Don’t Call It A Favor When You Let Me Cut The Line

Posted on July 9, 2014

I had the most wonderful trip to the Passport Office said nobody ever.

But this guy. THIS guy took it to a whole new level.

Here’s the short of it. I told him I couldn’t wait in line in the direct sun. I asked if I could mark my spot in line and then sit on the shady steps. He said I couldn’t wait on the steps. So I marked my spot in line and I sat in a shaded spot on the sidewalk.

5 minutes later he calls me over and tells me I can go in. And I know I know, I tend to get myself in trouble. But he needed to hear it. I said “You need to be nicer to people with disabilities”. What I meant to say was that he needed to be able to provide an alternative for those who can’t wait in a standing line or in a standing line in the sun. But I’m clumsy with words and that’s what came out. Plus, he basically needs to learn to be nicer to everyone.

So he followed me into the building and yelled, I mean YELLED at me about how he did me a favor. I tried to get a few words in, but that wasn’t happening. So I just waited for him to finish ranting and leave.

That being said, this is what I had hoped to say to him.

1. If you are ‘hosting’ a line. You need to provide options for those who can’t wait in that line. Because wherever there’s a line, there are going to be people who physically aren’t up for the challenge.

2. Never (I mean NEVER) tell someone with a disability that you are doing them a favor. Even if you are letting them cut.

3. Cutting in line has its perks. But it is more empowering to the disabled person when you don’t ‘let’ them cut but when you provide a route for them to proceed as everyone else. i.e. a shady seat until it’s their turn.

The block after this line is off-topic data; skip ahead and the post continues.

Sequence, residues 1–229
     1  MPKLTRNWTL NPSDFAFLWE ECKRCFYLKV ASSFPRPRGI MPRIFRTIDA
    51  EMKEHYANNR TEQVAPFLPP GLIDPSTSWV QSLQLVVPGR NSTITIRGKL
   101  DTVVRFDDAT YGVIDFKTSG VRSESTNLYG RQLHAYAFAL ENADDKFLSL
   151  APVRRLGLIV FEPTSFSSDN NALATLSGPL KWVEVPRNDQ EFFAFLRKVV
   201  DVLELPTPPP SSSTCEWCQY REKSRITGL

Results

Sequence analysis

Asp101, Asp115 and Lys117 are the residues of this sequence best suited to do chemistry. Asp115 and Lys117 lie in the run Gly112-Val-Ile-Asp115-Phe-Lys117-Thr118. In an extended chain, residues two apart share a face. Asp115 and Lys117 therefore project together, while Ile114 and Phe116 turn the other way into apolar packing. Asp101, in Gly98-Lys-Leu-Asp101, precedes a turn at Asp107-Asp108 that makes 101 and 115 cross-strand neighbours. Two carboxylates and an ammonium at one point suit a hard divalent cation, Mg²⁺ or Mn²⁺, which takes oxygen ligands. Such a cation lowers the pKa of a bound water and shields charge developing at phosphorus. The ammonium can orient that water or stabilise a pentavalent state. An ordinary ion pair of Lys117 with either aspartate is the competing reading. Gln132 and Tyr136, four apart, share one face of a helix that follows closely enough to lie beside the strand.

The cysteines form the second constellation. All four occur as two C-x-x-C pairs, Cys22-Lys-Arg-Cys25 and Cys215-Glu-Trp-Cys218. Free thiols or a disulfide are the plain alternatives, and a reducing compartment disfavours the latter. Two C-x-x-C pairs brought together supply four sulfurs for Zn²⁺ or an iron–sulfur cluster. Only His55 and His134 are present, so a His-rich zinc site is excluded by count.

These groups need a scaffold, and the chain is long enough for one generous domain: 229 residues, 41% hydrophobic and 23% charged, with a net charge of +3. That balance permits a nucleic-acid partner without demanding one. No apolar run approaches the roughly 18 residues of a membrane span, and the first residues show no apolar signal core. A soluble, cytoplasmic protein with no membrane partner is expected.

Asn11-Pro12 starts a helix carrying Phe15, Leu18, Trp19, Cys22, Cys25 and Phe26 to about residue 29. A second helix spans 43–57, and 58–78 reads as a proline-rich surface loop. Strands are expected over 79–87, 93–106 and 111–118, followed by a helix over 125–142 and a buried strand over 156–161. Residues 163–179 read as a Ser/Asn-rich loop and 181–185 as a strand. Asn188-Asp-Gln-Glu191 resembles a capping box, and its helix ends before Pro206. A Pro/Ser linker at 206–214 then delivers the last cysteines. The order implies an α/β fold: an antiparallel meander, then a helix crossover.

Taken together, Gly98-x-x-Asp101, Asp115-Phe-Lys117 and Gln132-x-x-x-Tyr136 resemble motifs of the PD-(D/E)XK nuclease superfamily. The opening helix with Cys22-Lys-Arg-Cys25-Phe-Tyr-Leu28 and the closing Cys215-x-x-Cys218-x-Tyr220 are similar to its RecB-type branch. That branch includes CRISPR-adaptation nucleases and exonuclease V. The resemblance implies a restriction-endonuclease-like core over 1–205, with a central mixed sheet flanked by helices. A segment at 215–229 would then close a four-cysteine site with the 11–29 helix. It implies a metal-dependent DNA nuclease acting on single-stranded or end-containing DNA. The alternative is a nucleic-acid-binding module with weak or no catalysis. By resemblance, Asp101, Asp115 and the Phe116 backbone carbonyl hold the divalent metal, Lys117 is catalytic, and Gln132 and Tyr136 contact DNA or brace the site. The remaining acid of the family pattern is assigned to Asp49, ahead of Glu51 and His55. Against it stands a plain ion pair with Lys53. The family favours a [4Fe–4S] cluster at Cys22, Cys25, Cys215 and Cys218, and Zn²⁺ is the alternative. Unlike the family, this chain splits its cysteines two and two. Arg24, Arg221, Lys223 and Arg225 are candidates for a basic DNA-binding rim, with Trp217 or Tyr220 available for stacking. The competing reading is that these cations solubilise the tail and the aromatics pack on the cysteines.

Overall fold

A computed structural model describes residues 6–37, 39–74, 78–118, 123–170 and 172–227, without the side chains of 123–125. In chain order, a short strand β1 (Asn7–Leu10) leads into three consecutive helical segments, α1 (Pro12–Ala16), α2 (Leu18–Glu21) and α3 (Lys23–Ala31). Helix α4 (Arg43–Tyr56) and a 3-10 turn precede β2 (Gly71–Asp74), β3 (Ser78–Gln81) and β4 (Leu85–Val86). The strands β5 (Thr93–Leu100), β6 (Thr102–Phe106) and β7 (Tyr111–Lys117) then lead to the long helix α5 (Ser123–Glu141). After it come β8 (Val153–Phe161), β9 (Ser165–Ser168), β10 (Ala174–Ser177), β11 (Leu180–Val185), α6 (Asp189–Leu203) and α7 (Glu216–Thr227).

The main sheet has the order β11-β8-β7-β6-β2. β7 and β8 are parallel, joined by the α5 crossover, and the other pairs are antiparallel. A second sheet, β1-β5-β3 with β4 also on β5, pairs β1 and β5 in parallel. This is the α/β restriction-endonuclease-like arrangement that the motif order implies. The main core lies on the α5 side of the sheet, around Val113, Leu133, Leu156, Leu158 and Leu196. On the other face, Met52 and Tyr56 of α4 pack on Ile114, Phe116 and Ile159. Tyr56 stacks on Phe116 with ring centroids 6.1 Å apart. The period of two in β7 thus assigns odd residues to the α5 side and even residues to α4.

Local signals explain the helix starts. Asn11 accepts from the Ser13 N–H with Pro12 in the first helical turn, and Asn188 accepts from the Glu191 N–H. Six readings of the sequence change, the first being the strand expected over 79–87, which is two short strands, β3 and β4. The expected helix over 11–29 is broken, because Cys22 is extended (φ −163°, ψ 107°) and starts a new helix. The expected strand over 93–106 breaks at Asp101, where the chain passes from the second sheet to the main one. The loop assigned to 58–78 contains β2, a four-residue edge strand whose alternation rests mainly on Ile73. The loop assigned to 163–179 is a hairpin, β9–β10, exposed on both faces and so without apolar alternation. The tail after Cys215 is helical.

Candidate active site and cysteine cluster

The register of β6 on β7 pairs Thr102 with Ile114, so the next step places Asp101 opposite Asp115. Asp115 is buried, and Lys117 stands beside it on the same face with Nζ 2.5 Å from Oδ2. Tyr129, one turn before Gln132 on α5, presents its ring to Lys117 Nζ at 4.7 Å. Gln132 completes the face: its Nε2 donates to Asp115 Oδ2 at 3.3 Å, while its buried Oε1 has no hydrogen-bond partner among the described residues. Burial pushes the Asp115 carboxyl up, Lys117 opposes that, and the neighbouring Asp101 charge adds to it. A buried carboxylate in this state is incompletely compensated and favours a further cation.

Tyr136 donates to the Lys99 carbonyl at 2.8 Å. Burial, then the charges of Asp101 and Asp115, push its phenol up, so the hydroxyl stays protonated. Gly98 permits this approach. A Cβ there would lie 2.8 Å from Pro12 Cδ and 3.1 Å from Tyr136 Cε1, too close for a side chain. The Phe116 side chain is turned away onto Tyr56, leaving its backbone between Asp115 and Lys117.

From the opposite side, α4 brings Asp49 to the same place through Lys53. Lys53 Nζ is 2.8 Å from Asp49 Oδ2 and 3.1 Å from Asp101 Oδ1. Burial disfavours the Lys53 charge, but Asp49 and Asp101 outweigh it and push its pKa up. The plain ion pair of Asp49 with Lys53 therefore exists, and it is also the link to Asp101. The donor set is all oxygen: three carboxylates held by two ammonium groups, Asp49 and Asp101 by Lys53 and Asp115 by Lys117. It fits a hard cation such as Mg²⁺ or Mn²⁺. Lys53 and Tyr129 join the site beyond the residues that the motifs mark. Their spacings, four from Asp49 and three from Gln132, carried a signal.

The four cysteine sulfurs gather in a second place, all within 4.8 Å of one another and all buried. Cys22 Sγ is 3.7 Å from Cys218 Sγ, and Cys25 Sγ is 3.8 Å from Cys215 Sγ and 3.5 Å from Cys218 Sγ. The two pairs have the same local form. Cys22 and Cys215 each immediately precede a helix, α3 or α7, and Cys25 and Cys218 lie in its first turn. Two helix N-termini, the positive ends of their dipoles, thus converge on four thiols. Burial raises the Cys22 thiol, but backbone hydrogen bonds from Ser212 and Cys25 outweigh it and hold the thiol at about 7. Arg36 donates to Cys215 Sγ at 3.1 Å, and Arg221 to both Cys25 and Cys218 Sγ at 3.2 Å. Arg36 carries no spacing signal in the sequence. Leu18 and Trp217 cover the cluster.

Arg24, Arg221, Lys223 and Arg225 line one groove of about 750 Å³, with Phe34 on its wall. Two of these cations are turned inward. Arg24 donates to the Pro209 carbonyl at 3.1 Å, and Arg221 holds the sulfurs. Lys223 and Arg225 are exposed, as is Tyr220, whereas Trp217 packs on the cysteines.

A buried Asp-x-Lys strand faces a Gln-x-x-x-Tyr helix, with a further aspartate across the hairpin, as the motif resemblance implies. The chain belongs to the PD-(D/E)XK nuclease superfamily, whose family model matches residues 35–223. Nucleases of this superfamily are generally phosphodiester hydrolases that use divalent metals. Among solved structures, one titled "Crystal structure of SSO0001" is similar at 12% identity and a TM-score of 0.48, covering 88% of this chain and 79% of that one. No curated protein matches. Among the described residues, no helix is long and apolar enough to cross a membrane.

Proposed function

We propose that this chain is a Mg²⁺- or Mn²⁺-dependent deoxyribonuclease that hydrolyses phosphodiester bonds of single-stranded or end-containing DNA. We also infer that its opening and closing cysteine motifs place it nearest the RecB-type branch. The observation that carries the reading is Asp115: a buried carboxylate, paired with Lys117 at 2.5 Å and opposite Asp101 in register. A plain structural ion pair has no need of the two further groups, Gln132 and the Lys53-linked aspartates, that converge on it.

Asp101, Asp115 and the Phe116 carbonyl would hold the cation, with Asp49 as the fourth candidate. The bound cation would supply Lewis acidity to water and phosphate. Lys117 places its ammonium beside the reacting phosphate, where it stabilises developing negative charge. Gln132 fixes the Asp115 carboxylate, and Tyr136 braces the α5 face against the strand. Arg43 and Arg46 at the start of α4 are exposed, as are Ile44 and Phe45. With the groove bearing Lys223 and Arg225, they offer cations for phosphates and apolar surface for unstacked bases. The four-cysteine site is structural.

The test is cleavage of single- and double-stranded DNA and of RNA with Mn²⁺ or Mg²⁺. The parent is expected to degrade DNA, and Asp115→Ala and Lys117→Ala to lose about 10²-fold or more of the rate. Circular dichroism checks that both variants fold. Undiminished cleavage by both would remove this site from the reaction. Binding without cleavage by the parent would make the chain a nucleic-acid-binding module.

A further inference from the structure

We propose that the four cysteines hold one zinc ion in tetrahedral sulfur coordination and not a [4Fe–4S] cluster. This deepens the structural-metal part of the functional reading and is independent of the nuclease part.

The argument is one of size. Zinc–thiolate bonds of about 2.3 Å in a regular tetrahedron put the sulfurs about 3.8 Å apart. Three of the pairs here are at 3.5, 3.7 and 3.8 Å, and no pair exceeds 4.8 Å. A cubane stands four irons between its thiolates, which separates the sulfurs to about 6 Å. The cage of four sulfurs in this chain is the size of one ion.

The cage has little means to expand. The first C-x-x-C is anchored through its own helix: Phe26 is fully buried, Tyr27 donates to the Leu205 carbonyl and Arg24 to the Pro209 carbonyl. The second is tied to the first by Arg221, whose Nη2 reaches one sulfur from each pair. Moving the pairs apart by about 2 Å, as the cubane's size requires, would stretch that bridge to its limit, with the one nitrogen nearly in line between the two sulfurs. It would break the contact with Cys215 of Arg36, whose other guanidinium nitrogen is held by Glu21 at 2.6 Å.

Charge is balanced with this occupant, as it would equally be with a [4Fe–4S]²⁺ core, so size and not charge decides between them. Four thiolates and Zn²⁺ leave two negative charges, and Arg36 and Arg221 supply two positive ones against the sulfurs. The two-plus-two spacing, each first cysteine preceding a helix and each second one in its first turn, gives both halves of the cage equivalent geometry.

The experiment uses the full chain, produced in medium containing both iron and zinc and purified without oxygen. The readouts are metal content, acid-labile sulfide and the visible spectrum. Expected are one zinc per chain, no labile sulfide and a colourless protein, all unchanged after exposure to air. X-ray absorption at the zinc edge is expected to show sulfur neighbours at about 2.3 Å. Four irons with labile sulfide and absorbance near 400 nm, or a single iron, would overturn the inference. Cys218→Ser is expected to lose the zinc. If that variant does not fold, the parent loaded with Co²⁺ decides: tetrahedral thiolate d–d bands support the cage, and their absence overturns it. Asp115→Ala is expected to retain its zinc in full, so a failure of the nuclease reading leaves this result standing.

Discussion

4. Please don’t loudly announce “everyone has some reason they don’t want to stand in line” when I tell you I can’t stand in line. It’s hard enough asking for assistance without being shamed.

5. Don’t make me cry. Really. Don’t. It doesn’t feel good.

6. You could use a couple deep breaths… and a desk job.

What Others Are Saying

  1. Joanna July 15, 2014 at 12:50 am

    Its dumb people like you walking around trying to circumvent the system. That place was in news not too long ago with a thousand people outside. They have rules and they are there to enforce if. If you really have a disability then you should have said exactly that and have the required card as most people with disabilities that are not obvious do. You said it yourself your out to look for trouble and giving truly disabled people a bad name. Your a disgrace and should get a life. I hope the guy finds this and sues you for posting his picture without permission.

    • The Girl with the Purple Cane July 15, 2014 at 4:47 pm

      I gave your comment some thought and considered marking it as SPAM, but decided against it.

      I believe you had a valid opinion to share about my experience at the passport agency. It’s a conversation I would have liked to have with you, because I’m still new at this disability thing. I’m still learning.

      Perhaps we could have learned something new. But instead you called me names. It’s easy behind an anonymous computer, isn’t it? I’m not sure when civility was thrown out the window. When did one have to stop stating their opinion in a constructive manner? When did we become so hard in our beliefs that we cannot learn from one another? There are only two ways I know to learn; through my experiences and through the experiences of others.

      Unfortunately the only thing I, or my readers can take from your comment is your anger. And it’s a shame.

  2. Ellen July 22, 2014 at 6:33 am

    Thank you for posting such a succinct list. I’ve had a really fun form of autoimmune arthritis for about 18 years now, and what you describe here reminds me of a few incidents of my own.

    • The Girl with the Purple Cane July 22, 2014 at 9:48 am

      Hi Ellen, Thank you for your comment. While it’s unfortunate that we have these experiences, it’s nice to know that we are not alone. Here’s to hoping things will change in the future.

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